Requests for a disclosure of the full investigation have resulted in both claims of privilege and claims that it is an ongoing investigation. When the DA wants to release information from ongoing investigations they do so. They released a statement of probable cause and the coroner’s report within a week of the shooting. Why? Because they believe it showed justification from the shooting.
That gets me to the subject of today’s missive, on Wednesday the Yolo County Sheriff’s Department announced that they had concluded their investigation into an incident where a family claims that Sheriff’s Deputies put a gun to a nine-year-old girl’s head.
Reading the Sacramento Bee’s story on this subject, we find some curious quotes and statements.
First, Sheriff Ed Prieto said, “There was absolutely no evidence, not the slightest bit of evidence, that this took place.”
Then in a written statement Captain Rich Williams said, “The investigation proved that the alleged act or acts did not occur. The employees were exonerated of any misconduct.” He said he could not discuss details of the investigation because it involved confidential personnel matters.
First of all, there is a big difference between Ed Prieto’s statement and Rich Williams’ statement. I can believe that they found no evidence that this took place. Actually what I can believe is that it was the word of the Sheriff’s Deputies against the family, and they had no way to corroborate the family’s story independently. That is a far cry from saying the investigation PROVED that the alleged act or acts did not occur.
But let’s say their investigation did prove that they did not occur. Maybe they had a videotape or an audio tape of the search warrant search. Why not release it to the public? If this were a crime against a police officer and they had proof it occurred they sure as heck would release it to the public. They can show evidence of citizen crimes but not of police wrongdoing apparently.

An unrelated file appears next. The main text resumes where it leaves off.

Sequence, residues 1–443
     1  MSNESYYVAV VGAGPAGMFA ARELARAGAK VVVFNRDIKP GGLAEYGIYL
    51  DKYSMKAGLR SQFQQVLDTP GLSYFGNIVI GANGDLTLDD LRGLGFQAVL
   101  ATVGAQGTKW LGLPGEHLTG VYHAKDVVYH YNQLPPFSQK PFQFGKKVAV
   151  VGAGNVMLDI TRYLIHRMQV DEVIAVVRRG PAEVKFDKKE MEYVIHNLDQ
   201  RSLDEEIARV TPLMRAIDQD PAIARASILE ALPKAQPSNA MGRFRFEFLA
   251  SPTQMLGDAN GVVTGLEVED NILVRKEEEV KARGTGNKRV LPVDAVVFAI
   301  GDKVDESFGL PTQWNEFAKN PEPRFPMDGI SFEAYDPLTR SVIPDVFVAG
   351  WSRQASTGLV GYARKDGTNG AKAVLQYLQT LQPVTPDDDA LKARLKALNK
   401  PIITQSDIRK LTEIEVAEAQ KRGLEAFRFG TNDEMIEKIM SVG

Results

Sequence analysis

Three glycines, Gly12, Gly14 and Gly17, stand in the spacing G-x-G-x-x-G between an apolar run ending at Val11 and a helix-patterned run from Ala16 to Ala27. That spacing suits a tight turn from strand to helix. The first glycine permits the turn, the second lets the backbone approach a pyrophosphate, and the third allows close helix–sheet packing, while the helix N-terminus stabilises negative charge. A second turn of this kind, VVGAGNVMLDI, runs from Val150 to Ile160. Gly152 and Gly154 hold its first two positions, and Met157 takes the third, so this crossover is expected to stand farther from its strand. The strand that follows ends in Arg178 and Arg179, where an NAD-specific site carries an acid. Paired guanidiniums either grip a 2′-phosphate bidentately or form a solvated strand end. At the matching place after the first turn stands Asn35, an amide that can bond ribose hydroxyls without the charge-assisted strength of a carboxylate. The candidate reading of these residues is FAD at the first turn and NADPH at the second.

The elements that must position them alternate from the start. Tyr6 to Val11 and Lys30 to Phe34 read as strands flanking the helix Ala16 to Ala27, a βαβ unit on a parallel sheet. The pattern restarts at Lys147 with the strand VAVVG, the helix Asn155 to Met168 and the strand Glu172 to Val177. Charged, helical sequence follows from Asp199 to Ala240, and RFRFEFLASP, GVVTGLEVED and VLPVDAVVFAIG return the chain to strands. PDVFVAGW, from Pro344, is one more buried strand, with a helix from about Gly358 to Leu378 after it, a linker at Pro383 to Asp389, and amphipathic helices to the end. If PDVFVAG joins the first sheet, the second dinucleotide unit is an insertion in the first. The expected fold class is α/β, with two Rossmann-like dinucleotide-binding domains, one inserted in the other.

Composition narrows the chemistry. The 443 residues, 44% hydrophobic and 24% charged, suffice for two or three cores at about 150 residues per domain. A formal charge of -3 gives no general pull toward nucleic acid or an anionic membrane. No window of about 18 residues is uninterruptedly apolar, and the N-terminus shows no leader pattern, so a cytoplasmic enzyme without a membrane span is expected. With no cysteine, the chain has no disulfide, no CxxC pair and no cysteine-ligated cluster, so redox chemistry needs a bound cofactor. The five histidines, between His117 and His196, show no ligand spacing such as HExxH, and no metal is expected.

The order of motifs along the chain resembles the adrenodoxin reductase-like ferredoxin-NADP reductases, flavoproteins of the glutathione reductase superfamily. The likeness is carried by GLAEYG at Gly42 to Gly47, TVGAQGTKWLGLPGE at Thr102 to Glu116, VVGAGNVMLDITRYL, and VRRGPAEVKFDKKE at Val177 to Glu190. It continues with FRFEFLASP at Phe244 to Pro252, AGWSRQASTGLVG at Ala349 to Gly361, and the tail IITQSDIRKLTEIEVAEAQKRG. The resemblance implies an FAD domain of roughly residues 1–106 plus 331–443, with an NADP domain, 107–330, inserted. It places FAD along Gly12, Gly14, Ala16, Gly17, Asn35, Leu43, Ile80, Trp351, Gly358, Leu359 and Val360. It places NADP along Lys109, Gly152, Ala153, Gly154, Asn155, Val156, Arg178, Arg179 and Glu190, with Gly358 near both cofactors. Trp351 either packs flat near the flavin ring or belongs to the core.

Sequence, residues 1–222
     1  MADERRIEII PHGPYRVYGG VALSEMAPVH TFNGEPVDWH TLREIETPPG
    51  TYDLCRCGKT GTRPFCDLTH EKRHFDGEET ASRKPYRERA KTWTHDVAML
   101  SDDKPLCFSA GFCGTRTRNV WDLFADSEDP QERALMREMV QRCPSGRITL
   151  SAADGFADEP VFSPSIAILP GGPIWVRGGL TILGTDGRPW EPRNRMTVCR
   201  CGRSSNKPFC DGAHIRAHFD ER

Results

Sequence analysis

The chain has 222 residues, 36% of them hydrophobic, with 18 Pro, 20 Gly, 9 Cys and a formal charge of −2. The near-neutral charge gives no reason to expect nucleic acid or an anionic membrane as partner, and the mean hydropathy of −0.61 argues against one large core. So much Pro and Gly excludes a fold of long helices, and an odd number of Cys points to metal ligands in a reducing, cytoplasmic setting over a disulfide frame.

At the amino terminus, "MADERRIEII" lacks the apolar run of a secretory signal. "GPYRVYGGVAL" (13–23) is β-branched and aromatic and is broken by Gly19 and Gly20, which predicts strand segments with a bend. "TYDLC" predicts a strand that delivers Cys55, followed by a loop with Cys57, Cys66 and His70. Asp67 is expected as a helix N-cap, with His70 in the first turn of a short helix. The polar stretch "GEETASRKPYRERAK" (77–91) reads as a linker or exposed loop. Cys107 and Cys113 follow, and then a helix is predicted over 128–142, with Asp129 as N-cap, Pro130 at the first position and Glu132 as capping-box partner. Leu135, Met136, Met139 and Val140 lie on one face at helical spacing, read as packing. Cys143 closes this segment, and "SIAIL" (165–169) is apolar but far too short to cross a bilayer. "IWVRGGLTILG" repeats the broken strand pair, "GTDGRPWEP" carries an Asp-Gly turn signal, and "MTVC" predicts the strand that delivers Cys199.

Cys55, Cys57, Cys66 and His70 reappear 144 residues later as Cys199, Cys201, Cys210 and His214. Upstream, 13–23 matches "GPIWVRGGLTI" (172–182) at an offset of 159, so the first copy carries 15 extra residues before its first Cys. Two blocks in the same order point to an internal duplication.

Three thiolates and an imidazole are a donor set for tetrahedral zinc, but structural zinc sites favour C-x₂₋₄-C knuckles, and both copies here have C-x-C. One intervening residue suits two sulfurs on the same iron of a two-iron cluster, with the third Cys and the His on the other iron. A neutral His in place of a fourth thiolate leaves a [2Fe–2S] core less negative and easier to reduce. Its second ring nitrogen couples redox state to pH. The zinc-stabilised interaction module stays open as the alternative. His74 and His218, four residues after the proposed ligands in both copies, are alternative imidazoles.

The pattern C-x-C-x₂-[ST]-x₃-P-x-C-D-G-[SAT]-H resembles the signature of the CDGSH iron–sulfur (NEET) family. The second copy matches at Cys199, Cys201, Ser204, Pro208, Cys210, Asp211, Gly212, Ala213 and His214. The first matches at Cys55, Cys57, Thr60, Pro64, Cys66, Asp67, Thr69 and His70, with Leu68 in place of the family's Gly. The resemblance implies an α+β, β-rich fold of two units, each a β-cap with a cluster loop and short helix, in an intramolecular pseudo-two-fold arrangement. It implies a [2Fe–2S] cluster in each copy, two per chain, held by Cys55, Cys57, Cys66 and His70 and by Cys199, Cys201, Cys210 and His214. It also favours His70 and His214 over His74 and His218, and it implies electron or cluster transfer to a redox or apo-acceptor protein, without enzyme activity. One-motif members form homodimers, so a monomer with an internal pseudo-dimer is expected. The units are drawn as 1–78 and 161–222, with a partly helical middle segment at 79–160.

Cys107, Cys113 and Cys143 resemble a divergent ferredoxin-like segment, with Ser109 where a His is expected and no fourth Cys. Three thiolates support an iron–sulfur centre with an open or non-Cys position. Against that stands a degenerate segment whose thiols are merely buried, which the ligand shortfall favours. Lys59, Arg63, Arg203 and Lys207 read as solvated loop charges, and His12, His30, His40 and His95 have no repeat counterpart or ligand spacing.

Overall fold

The fact of the matter is that if they had proof this incident did not occur, I have to believe that they would have presented it to the public.
The other part of the issue here is Captain Williams contention that this investigation involves confidential personnel matters and therefore they cannot say anything other than it did not happen. Those type of claims are usually one-directional and often get waived when information comes forth to exonerate the officers. In other words, confidential personnel matters tend to be used as a shield to protect wrongdoers and prevent the public from learning the truth.
We should all be asking ourselves how the question of whether an officer pointed a gun at the head of a nine-year-old girl became a “private” and “confidential” personnel matter. Because to me this is a matter of public policy. Now what happens to the officer as the result of his public actions, I agree is private and confidential, but the act itself is not. There are good reasons for not allowing employees personnel files to be open to the public, but the law enforcement officers get far more protection than typical employees despite the fact that they have generally far greater responsibility.
There are really two explanations as to why police have so much protection and they both come from the same basic source, the powerful lobby of the peace officers in California who have undermined and thwarted public sunshine laws in an effort to keep such matters as quiet as possible and out of the public light.